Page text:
A degenerative cascade due to age-related changes in the spinal column is known as spondylosis. These spondylotic changes may result in direct compressive and ischemic dysfunction of the spinal cord known as cervical spondylotic myelopathy (CSM) [1]. Symptoms often develop insidiously and are characterized by neck stiffness, unilateral or bilateral deep, aching neck, arm and shoulder pain; and possibly stiffness or clumsiness while walking. The hallmark symptom of CSM is weakness or stiffness in the arms. Clumsiness or weakness of the hands in conjunction with the legs is also characteristic of CSM. The incidence of CSM-caused hospitalization in eastern Asia is 4.04 per 100,000 person-years, with higher incidences observed in older and male patients [2]. The incidence of Ossification of the Posterior Longitudinal Ligament [OPLL], a common cause of cervical spondylotic myelopathy is 2.4% in the Asian population, and 0.16% in the non-Asian population [3]. The overall prevalence in Indian population is unknown. The pathophysiology of CSM is thought to be multifactorial. Both static factors causing stenosis and dynamic factors resulting in repetitive injury to the spinal cord and spinal cord ischemia are involved in pathophysiology.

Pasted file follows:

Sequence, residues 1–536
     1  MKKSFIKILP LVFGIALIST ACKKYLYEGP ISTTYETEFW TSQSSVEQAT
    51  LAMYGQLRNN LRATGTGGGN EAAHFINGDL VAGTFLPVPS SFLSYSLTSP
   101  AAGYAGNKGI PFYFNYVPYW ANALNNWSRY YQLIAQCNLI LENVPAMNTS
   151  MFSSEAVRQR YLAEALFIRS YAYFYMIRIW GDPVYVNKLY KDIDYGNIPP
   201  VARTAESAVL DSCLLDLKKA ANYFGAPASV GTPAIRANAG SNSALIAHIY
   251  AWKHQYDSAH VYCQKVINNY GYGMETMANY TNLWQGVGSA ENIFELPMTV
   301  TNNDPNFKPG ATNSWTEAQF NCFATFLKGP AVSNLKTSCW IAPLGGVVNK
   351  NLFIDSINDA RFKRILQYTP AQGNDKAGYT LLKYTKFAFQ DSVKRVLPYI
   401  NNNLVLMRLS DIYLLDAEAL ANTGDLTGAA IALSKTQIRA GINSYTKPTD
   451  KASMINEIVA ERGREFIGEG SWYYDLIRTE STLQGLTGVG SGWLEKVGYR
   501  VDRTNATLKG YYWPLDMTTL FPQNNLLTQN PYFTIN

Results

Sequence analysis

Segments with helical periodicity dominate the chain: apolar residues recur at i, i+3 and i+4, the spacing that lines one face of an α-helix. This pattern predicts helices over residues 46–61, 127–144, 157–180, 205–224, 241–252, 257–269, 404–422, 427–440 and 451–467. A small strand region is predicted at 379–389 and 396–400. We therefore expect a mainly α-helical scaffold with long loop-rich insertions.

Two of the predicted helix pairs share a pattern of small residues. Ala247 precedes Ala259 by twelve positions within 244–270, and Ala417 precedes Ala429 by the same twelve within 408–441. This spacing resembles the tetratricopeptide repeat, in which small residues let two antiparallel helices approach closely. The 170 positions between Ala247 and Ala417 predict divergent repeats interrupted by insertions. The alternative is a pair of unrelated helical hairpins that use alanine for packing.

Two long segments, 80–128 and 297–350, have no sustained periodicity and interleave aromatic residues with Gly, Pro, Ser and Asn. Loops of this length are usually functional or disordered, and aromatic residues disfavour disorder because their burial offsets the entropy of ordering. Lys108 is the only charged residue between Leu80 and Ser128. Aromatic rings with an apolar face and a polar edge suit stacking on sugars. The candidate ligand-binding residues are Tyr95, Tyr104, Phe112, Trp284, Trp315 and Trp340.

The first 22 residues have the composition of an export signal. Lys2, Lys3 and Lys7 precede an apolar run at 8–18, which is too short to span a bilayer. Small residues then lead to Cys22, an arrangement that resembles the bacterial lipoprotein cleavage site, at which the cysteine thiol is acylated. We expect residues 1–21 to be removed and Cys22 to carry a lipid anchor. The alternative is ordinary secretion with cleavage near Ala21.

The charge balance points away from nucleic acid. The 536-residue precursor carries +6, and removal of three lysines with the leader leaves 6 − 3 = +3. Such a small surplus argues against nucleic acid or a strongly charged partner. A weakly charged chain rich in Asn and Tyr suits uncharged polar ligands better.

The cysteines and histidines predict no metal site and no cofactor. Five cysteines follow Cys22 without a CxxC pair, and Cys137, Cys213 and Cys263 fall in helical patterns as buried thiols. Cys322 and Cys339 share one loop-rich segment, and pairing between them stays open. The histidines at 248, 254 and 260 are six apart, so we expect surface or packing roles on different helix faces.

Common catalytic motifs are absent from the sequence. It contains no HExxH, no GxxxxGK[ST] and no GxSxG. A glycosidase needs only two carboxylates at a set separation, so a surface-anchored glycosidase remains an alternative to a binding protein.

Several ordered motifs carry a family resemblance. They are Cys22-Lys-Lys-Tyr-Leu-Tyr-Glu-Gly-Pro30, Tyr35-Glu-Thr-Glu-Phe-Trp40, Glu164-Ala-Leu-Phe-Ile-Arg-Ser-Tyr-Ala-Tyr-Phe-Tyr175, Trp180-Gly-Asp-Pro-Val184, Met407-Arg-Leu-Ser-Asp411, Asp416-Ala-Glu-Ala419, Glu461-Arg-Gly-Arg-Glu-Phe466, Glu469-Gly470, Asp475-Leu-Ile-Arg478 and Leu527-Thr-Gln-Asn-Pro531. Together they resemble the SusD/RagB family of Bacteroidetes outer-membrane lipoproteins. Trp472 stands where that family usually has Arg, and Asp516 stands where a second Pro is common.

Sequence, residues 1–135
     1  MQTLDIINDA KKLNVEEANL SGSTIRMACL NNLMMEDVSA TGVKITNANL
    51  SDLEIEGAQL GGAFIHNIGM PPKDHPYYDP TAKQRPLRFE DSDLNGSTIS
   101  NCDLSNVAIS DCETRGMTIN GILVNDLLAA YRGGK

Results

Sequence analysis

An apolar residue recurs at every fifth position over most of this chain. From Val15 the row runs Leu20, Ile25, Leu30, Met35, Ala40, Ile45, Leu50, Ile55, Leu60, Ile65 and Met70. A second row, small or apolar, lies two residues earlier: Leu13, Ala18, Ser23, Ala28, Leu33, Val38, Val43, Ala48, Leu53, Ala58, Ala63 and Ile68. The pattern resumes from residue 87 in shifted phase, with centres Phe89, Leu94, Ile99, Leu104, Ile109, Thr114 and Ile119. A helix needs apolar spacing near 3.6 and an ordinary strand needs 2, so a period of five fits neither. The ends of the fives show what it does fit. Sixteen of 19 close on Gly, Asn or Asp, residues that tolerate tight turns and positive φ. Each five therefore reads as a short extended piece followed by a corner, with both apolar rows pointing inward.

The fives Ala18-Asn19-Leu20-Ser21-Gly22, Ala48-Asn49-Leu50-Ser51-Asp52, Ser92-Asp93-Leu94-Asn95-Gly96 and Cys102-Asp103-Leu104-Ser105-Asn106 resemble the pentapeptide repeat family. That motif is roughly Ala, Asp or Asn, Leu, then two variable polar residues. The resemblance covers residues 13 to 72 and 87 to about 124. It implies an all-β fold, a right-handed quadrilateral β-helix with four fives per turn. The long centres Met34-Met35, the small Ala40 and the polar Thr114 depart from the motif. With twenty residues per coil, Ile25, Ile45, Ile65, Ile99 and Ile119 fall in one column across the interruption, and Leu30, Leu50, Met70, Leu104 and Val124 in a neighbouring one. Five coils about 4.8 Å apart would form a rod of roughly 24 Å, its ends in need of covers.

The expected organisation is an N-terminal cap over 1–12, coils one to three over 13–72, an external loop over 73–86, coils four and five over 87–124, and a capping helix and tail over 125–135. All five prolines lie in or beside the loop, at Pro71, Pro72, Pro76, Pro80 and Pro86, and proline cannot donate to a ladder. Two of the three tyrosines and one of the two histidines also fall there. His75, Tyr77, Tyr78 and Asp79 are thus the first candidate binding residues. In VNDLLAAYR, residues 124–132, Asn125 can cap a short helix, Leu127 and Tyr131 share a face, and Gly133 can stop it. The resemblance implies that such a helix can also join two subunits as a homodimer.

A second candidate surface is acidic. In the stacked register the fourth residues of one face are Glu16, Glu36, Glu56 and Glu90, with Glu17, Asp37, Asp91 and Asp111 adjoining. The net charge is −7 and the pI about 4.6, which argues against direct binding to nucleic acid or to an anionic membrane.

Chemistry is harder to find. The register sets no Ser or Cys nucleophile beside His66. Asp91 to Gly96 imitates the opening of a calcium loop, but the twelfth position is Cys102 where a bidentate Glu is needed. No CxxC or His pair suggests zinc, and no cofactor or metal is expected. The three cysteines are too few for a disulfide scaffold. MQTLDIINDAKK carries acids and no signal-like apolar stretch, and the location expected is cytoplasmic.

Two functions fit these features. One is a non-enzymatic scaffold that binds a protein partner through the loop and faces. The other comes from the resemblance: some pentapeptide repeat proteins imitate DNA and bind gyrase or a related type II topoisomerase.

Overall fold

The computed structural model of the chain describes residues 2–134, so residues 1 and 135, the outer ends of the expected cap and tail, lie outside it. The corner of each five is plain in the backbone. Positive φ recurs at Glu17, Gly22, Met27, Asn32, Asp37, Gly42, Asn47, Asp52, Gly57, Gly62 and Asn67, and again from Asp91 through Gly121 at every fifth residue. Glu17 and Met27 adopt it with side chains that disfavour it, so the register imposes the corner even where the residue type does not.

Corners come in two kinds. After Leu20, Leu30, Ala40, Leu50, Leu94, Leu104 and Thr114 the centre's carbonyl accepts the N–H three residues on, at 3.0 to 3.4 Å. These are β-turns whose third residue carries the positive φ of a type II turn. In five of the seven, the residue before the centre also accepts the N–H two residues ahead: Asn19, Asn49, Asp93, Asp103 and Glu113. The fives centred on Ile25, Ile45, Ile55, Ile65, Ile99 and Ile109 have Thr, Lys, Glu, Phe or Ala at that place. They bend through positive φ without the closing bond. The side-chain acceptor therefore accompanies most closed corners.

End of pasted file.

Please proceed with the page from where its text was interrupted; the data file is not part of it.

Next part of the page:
Only limited conservative and surgical procedures are available in modern medicine for disease but there is much limitation to use these procedures. The standard treatment for moderate to severe CSM is operative procedures which are least preferred by the elderly patients. Hence there is a need to search for effective treatment in alternative medicine. No study is published in PubMed for Ayurvedic approach on CSM till date. Here we represent a case of CSM which was successfully treated with Ayurvedic management with Greevastambha (neck stiffness) as the Ayurvedic diagnosis [4].

2. Case report